“Yes, it’s time again, it‘s time for your annual flu shot,” said a friend in an e-mail. So I made an appointment to see my family doctor and got my flu shot last week. And my family has been through the same process.

This annual ritual is very important. As a health care provider I get my flu shot free. The same privilege is granted to adults and children with serious health problems. People who live them also get free vaccination. Those who are 65 and over are vaccinated without any charge as well. And children six months to 23 months and their families are vaccinated free.

As you may know, there is a reason why these groups of people are vaccinated free of charge. They live or work in an environment where people are sick, are vulnerable to the flu virus and their capacity to fight the virus is not great. They need to be protected. So if you are in one of these four groups or if you know somebody who is in one of these four groups but hasn’t had a flu shot then encourage them to do so. You will be performing a big service.

It is very important to prevent influenza, which is a major cause of outpatient visits, antibiotic use, hospitalization and death, particularly among those older than 65.

Studies have shown that elderly people residing in nursing homes, influenza vaccination can be 50 to 60 per cent effective in preventing admission to hospital and preventing pneumonia and 80 per cent effective in preventing death. Canada’s National Advisory Committee on Immunization (NACI) recommends that both staff and residents of long-term care facilities be vaccinated against influenza.

Among healthy adults, such as the staff of long-term care facilities, vaccination may be 70 to 90 per cent effective in preventing influenza, and it reduces absenteeism from work. Furthermore, the studies say, vaccination of staff reduces the mortality rate among residents of long-term care facilities. No wonder annual influenza vaccination is recommended for both staff and residents of long-term care facilities.

More than 20,000 residents of Palliser Health Region were vaccinated last year. That is a good number but we have a population of around 100,000. What about the rest of the population? What sort of barriers do they face? Is cost of the vaccine a barrier?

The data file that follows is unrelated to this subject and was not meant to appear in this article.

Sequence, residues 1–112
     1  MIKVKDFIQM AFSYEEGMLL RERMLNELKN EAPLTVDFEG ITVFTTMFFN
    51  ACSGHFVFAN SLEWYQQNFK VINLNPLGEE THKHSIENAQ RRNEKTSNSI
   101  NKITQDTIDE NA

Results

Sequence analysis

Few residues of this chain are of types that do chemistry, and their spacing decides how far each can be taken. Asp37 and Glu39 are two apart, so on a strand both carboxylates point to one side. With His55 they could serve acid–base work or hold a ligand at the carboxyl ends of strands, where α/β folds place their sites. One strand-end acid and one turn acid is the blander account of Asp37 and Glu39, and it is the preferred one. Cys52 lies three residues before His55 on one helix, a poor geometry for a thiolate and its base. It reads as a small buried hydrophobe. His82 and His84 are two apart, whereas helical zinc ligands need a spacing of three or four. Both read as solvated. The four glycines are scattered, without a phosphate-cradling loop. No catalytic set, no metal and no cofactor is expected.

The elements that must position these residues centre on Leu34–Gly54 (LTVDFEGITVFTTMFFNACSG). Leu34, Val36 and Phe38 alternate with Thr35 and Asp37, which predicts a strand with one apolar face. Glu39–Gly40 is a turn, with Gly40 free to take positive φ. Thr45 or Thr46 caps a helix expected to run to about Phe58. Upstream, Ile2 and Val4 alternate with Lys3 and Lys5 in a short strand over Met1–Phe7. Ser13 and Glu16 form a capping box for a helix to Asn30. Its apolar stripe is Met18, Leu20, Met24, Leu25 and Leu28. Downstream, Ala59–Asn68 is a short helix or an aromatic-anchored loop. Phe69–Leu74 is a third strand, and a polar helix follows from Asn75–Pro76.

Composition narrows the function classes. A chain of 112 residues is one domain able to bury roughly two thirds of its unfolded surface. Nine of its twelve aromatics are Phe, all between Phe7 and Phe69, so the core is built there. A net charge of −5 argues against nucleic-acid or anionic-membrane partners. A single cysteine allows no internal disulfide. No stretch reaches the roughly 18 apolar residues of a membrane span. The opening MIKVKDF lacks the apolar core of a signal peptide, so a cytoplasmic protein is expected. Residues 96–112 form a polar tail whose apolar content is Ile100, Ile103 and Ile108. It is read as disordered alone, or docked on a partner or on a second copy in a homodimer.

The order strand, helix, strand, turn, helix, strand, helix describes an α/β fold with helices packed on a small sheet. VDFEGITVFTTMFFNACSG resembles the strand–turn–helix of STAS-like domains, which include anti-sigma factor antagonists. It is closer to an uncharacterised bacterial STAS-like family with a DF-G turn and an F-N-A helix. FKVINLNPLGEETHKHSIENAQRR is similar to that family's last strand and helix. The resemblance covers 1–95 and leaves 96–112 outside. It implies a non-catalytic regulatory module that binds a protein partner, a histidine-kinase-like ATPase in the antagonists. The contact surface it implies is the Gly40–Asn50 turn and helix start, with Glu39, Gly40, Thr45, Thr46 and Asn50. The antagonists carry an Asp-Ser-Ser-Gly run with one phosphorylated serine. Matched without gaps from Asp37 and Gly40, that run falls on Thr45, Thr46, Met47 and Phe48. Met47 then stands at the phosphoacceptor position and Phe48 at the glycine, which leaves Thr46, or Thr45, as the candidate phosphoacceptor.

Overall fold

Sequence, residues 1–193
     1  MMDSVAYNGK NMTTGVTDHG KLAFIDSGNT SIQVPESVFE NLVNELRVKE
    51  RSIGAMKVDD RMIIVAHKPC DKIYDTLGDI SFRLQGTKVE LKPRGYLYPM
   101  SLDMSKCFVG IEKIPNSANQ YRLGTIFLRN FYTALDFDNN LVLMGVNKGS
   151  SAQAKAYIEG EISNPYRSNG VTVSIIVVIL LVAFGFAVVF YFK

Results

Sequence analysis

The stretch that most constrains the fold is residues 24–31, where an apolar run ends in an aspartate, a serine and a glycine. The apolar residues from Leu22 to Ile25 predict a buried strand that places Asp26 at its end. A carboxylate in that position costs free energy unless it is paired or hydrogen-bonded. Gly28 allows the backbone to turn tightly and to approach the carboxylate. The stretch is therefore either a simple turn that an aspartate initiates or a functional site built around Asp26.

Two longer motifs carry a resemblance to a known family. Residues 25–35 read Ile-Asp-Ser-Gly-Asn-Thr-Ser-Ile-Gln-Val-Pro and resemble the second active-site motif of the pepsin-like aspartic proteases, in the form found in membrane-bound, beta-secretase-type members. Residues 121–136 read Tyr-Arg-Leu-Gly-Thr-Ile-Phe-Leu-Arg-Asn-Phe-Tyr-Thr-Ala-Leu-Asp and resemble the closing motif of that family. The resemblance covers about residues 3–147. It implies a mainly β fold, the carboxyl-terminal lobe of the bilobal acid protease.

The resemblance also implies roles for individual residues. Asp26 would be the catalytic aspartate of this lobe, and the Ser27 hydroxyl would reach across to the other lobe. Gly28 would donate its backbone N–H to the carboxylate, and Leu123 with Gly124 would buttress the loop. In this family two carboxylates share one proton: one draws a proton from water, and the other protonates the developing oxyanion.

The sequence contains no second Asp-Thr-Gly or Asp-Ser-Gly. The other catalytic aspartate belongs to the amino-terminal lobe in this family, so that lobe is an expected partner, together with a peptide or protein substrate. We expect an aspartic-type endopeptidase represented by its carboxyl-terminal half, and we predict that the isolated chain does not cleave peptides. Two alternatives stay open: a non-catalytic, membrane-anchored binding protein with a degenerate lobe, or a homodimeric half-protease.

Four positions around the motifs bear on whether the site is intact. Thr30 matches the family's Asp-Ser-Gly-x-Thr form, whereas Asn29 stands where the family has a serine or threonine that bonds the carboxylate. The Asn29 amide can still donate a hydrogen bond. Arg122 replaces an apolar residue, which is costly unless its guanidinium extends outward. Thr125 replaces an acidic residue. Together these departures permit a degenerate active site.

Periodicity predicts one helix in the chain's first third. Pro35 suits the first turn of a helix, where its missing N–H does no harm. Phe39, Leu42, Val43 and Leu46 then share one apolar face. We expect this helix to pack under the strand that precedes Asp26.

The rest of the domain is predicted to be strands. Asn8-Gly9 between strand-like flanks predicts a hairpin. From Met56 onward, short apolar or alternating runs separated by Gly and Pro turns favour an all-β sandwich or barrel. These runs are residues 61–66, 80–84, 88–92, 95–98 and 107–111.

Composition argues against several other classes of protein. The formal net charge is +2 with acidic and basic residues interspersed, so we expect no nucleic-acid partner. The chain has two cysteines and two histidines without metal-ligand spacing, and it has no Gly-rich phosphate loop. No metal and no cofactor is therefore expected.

In Canada, the publicly funded vaccination programs to prevent influenza are risk-based rather than based on universal immunization. Alberta, the richest province in Canada, should be able to fund universal vaccination programs for all Albertans. But the government’s priorities are some where else. Only Ontario and Yukon fund universal influenza vaccination programs. This allows physicians to recommend vaccination for all their patients. This is important because the effectiveness of influenza vaccine is strongest in healthy people, among whom cases of influenza are reduced by up to 70 per cent.

Studies have shown that the universal influenza immunization program in Ontario has been associated with higher coverage for people with high-risk chronic conditions than has occurred in other provinces. This suggests that universal immunization may increase vaccine delivery to high-risk groups. So universal immunization programs appear to be good for healthy individuals as well as for people with high-risk chronic conditions. A win-win situation. Hopefully, one day Albertans will be in the same win-win situation.

In the mean time, make sure you get your flu vaccine today! I have had mine. Make sure you have yours.

Start reading the preview of my book A Doctor's Journey for free on Amazon. Available on Kindle for $2.99!

Inflammatory Bowel Disease